INFF oversight committees: Strengthening – not reinventing – the wheel

One of the first steps in developing an INFF is determining who will oversee the process. Some countries will create new governing mechanisms. However, most already have bodies responsible for delivering national development plans or governing public and private financing.

The survey results show that many countries are not reinventing the wheel but rather strengthening what they already have. INFF oversight committees have been formalised or are under negotiation in more than half of the countries that reported to the survey (Figure 1). Of the oversight committees that have been established, half are embedded within existing mechanisms.

Figure 1. More than half of countries have formalised or are formalising INFF oversight committees.

The institutions that house INFF oversight vary widely from country to country. In Timor-Leste, for example, the INFF process is embedded within an ongoing public financial management reform programme. In Tajikistan, oversight has been embedded within the National Development Council under the President’s Office. In Mongolia, oversight is led by the Ministry of Finance, with the support of a multi-stakeholder working group. In Benin, oversight has been taken on by the Resource Mobilisation Committee, chaired by the Ministry of Planning.  


No two INFFs are alike: Financing strategies reflect unique country contexts 

Many governments use national development plans to chart their country’s development trajectory in the medium- to long-term. Once a country decides which direction they want to go, a significant, and perhaps more difficult, question remains: how?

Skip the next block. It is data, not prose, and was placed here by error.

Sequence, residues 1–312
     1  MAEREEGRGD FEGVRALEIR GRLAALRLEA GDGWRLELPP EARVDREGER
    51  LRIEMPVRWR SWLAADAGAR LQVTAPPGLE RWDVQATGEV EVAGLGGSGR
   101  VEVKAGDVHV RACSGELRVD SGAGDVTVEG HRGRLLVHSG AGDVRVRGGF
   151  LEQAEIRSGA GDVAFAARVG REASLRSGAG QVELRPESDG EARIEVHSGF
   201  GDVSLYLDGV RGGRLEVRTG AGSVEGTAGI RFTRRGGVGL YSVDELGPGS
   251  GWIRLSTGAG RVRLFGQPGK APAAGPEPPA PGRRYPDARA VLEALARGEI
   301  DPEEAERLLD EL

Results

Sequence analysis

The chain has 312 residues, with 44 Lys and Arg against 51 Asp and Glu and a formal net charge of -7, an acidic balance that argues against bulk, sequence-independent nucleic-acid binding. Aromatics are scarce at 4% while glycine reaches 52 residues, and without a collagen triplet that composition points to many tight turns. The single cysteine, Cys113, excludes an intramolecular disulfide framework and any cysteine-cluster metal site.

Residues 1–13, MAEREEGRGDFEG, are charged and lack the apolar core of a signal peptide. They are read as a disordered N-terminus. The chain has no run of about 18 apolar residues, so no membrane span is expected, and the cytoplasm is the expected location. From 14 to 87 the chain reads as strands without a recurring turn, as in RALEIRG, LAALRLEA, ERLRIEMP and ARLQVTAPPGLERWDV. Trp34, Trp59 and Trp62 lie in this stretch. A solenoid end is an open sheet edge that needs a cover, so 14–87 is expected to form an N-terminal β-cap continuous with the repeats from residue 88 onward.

Unfortunately, most countries do not have a strategy to finance their development plans. A recent study looked at 107 national development plans and found that 79 had no specific costing, and only 29 explained how they would be financed.

Financing strategies bridge this critical gap – and are at the centre of the INFF process. They help countries outline how they are going to mobilise resources to fund their development plans and, more recently, Covid recovery plans.

Through their INFF processes, 31 countries will introduce a financing strategy for the first time, and 27 countries will strengthen existing financing strategies (Figure 2).

Figure 2: More than 30 countries will use INFF processes to articulate an integrated financing strategy for the first time.

Because financing strategies are developed to support the realisation of nationally-driven development plans, Covid recovery plans, SDG action plans or thematic strategies, no financing strategy will take the same form. Each will reflect the unique goals, institutions, challenges and priorities of a country.

In Ghana, for example, the government is creating an INFF from the bottom-up, starting with financing strategies for five district-level development plans. In Bangladesh, the financing strategy focuses on three development priorities: climate finance, renewable energy and water and sanitation. The process brings together a wide range of private companies – more than 60 have participated in consultations to date – to support market analytics and encourage investment. In Tunisia, the INFF is supporting a move from a ‘funding for development’ approach toward a ‘financing for development’ approach focusing on creating new tools to unlock alternative sources of finance.


Future of the survey

Many countries are still in the very early stages of developing their INFF. As countries progress along their INFF journey, we hope to use this survey as an opportunity to collect information, distil lessons and reflect on progress annually. In the long run, more diverse INFF experiences will mean more data and more insights to report on!

As we continue to keep tabs on INFF progress worldwide, we look forward to sharing what we learn along the way. Feel free to reach out to the platform via Twitter at @INFFPlatform or admin@inff.org to share your thoughts, comments or questions on the survey. We look forward to continuing this conversation!